MSA deals with policymaking under conditions of ambiguity. Ambiguity refers to “a state of having many ways of thinking about the same circumstances or phenomena” (Feldman 1989, 5). These ways may not be reconcilable, creating vagueness, confusion, and stress. It is different from uncertainty, a related concept, in that the latter refers to the inability to accurately predict an event. Ambiguity may be thought of as ambivalence, whereas uncertainty may be referred to as ignorance or imprecision (March 1994, 178–179). Although more information may reduce uncertainty (Wilson 1989, 228), more information does not reduce ambiguity. For example, more information can tell us how AIDS is spread, but it still won’t tell us whether AIDS is a health, educational, political, or moral issue.
At the heart of the lens lies the garbage can model of choice (Cohen, March, and Olsen 1972). Choice is conceptualized as a garbage can into which participants, who drift in and out of decisions, dump largely unrelated problems and solutions. No one person controls the process, while fluctuating attendance, opportunities, and attention give choice highly interactive qualities. The point is to stress the dynamic, complex, and chaotic nature of political life. MSA was developed to explain policy in situations that more closely approximate empirical reality and under conditions that other frameworks simply assume away.
Kingdon (1995) adapts this model to policy output by the U.S. federal government while adding a few structural features of his own. Ambiguity is operationalized contextually. It exists in organizations or governments, which are called organized anarchies, and is measured by three indicators: fluid participation, problematic preferences, and unclear technology. First, participation in such organizations is fluid. Turnover is high, and participants drift from one decision to the next. Legislators come and go, and bureaucrats, especially high-level civil servants, often move from public service to private practice. Moreover, nongovernmental actors, such as employer associations, trade unions, and consumer groups, exercise a significant influence over the form certain decisions will take. The time and effort that participants devote to any one decision varies considerably.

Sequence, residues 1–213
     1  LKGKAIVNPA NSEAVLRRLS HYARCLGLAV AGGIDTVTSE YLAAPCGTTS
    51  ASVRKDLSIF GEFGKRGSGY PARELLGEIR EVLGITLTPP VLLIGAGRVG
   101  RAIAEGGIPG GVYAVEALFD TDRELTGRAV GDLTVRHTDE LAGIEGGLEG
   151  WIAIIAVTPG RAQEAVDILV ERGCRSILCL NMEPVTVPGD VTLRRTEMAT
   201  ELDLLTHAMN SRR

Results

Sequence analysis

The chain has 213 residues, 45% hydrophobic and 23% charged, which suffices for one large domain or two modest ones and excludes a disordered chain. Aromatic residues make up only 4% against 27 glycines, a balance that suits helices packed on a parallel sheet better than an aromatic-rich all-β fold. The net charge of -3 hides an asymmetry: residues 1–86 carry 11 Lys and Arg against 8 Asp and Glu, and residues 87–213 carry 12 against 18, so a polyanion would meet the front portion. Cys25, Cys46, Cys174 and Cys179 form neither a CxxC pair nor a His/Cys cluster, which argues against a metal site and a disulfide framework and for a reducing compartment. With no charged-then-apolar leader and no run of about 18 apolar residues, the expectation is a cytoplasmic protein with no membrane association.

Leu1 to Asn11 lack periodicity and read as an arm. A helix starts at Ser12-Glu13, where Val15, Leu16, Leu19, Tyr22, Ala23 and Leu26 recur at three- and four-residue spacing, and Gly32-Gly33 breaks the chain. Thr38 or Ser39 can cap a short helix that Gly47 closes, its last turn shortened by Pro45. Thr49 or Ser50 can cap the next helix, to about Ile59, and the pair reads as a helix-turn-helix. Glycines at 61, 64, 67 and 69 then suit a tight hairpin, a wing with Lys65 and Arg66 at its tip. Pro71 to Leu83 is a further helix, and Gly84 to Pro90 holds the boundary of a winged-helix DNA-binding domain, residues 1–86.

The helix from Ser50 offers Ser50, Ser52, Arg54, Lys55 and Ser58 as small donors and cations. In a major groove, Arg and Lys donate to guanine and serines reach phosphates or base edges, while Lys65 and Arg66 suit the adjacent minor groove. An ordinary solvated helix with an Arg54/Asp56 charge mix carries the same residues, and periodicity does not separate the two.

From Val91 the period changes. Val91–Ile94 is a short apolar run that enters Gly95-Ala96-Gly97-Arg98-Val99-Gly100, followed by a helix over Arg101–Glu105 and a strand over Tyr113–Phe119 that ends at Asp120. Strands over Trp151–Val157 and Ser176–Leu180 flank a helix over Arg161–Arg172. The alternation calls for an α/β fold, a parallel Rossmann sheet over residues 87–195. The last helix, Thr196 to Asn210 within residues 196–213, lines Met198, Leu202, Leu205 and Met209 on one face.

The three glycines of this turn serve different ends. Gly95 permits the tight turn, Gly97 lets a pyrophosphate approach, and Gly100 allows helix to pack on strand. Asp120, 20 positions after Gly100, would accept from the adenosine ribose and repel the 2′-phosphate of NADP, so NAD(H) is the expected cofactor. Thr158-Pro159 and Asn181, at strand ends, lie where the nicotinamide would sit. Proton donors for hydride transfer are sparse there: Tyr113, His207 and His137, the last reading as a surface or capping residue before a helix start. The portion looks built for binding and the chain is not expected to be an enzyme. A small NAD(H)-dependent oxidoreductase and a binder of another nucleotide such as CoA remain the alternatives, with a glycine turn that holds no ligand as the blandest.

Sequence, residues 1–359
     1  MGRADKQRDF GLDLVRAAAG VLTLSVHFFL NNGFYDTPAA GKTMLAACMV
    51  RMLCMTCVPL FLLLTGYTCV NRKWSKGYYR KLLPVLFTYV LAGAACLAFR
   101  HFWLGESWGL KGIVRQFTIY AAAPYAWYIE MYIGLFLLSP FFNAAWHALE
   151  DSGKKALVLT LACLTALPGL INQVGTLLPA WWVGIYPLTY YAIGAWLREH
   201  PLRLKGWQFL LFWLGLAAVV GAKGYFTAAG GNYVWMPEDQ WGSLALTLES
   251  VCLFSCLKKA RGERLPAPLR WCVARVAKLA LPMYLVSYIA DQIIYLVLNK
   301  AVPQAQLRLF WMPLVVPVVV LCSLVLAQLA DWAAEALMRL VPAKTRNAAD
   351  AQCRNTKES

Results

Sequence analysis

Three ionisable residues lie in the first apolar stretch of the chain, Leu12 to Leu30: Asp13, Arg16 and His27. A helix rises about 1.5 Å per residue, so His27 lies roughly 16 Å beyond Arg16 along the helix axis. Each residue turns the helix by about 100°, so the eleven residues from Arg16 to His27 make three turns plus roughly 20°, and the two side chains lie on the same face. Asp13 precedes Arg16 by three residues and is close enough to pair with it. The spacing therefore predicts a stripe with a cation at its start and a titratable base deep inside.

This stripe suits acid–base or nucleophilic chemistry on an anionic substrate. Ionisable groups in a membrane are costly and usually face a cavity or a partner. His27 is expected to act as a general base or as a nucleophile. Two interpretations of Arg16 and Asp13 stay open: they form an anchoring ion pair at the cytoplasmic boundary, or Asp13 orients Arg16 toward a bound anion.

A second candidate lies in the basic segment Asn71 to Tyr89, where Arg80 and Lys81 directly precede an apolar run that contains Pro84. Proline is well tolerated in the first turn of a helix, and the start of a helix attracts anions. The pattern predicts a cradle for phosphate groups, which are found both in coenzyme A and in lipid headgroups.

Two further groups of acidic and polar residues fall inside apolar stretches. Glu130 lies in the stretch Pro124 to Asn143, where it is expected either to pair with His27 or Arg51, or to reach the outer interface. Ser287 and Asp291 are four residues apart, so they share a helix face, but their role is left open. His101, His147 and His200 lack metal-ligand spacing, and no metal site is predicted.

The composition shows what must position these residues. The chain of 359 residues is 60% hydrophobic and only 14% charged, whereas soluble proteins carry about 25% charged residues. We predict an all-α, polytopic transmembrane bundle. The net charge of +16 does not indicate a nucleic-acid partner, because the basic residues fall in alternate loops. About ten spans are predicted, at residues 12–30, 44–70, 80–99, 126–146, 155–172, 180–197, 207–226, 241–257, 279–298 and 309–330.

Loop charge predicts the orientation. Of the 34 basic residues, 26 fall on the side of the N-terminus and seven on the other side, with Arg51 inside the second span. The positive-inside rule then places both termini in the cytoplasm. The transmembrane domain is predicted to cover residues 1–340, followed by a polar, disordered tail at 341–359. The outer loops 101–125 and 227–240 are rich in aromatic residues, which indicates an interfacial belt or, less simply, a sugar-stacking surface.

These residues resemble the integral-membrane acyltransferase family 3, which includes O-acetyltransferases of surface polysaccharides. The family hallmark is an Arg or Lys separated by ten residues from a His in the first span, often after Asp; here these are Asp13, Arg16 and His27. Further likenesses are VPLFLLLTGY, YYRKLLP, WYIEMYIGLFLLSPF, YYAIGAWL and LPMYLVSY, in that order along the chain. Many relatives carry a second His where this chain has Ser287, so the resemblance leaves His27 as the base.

Second, people often don’t know what they want. To say that policymakers almost never make their objectives crystal clear is hardly novel, but it is true that quite often time constraints force politicians to make decisions without having formulated precise preferences. Decisions are made as the process unfolds, and they may even be facilitated by opaqueness (Sharkansky 2002). This situation stands in stark contrast to decision-making in most business firms, where the ultimate goal is clear—to make a profit. As Cohen, March, and Olsen aptly put it, organized anarchies “can be described better as a collection of ideas than as a coherent structure” (1972, 1).
Third, technology—that is, an organization’s processes that turn inputs into products—is unclear. Members of an organized anarchy, such as a university or national government, may be aware of their individual responsibilities, but they exhibit only rudimentary knowledge of how their job fits into the overall mission of the organization. Jurisdictional boundaries are unclear, and turf battles between different departments or agencies are common. Members of the legislature often complain of unaccountable officials, who, in turn, frequently express their frustration with overburdening reporting rules and independent-minded public managers. Past experience often guides their actions, making trial-and-error procedures indispensable learning tools.